cover image The Hummingbird

The Hummingbird

Sandro Veronesi, trans. from the Italian by Elena Pala. HarperVia, $26.99 (304p) ISBN 978-0-06-315855-9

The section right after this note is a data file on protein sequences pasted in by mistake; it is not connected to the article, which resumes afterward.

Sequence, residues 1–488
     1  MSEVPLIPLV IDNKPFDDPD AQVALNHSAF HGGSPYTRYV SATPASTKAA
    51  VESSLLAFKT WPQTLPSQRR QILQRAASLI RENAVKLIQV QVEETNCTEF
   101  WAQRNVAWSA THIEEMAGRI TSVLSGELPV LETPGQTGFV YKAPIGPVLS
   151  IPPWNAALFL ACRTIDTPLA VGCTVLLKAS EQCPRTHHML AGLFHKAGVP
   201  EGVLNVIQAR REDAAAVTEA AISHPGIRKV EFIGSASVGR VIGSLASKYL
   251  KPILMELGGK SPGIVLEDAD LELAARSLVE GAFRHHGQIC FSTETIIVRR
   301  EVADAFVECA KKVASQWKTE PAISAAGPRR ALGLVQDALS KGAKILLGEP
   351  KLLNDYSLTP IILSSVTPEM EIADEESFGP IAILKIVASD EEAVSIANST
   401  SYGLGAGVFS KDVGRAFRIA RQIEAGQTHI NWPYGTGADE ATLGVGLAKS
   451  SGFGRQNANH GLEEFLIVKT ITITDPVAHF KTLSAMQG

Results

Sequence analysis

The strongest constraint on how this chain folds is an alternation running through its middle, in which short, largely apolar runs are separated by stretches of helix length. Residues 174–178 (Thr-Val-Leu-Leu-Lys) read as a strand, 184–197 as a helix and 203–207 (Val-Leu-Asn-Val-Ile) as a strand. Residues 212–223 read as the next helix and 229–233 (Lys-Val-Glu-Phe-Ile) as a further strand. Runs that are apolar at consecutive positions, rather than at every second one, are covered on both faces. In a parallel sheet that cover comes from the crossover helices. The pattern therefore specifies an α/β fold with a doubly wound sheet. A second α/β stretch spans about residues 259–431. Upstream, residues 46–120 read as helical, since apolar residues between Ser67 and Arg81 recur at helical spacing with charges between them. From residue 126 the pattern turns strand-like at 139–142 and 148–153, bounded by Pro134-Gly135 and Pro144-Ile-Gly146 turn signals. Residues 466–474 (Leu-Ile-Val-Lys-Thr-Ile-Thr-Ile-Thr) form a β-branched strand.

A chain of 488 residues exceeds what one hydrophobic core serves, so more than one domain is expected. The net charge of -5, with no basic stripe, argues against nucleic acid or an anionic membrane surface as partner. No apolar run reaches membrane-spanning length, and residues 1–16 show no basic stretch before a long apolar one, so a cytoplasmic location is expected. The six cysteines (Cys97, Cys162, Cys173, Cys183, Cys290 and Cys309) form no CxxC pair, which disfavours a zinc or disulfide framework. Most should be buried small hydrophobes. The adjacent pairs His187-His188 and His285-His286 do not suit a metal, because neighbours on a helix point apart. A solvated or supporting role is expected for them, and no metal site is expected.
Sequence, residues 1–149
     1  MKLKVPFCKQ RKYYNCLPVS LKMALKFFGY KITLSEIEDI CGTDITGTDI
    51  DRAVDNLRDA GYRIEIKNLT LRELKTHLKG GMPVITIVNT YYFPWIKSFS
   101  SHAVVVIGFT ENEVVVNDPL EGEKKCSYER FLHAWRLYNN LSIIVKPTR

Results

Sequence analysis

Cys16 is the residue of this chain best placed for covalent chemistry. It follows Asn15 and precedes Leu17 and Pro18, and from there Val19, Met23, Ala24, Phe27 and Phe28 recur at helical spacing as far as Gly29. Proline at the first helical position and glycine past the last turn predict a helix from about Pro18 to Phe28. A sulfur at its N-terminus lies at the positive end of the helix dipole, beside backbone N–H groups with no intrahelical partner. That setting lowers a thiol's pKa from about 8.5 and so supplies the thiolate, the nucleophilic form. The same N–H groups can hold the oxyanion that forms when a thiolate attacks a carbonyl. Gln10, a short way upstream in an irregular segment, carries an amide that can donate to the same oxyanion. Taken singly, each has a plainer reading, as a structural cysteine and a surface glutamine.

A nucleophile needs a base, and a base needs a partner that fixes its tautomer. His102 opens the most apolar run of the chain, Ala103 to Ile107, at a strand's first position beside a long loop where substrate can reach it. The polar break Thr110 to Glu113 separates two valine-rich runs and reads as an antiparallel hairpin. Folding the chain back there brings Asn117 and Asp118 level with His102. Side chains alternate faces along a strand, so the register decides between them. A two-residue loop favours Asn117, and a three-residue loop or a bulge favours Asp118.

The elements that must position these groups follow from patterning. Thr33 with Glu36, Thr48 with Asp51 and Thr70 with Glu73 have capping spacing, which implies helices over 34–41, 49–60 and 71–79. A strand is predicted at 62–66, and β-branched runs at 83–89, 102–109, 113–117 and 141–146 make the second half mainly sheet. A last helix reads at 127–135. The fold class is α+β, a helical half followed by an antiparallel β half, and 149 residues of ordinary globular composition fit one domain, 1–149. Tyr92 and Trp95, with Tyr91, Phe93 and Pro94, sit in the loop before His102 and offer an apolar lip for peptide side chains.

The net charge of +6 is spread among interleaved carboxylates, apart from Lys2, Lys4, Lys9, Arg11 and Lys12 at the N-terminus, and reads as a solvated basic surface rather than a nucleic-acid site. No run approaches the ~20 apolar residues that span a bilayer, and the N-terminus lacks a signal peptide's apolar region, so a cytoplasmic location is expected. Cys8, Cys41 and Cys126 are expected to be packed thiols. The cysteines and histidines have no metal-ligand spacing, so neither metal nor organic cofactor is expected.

A 40-year-old ophthalmologist becomes enmeshed in a morass of family troubles and careless decisions in Veronesi’s Strega Prize–winning latest (after Quiet Chaos). In Rome at the brink of the new millennium, Marco Carrera, known by his childhood nickname “the hummingbird” for his diminutive stature, is having an affair while his wife does the same. His parents were glaringly mismatched, and his siblings, one of whom died many years earlier, are depicted through the nonlinear narrative as depressed, suicidal, or just plain estranged. Rather than marrying Luisa, Marco’s longtime love, he had opted for Marina, a flight attendant he first sees on a TV news program, during which she describes how she’d narrowly avoided a shift on an ill-fated flight. They have a daughter, but Marco endures years of disappointments and Marina’s adulterous betrayals. Meanwhile, he’s secretly struck up a correspondence with Luisa. A chaotic black comedy of blunders ensues as the narrative volleys back and forth between Carrera’s youth and the present through dashes of poetry, emails, postcards, and dialogue, while running commentary from an omnipresent third-person chimes in with penetrating insight (on relationships: “It should be common knowledge—and yet it isn’t—that the course of every new relationship is set from the start, once and for all, every time”). Cleverly structured like a jigsaw puzzle, the story’s disparate pieces are overlaid and slowly developed, such as the details of Marco’s sister’s death. A senseless tragedy, splashes of levity, and unexpected poignancy bring this to a moving conclusion. Veronesi’s dark modern chronicle shimmers with intelligence and flashes of pathos. (Jan.)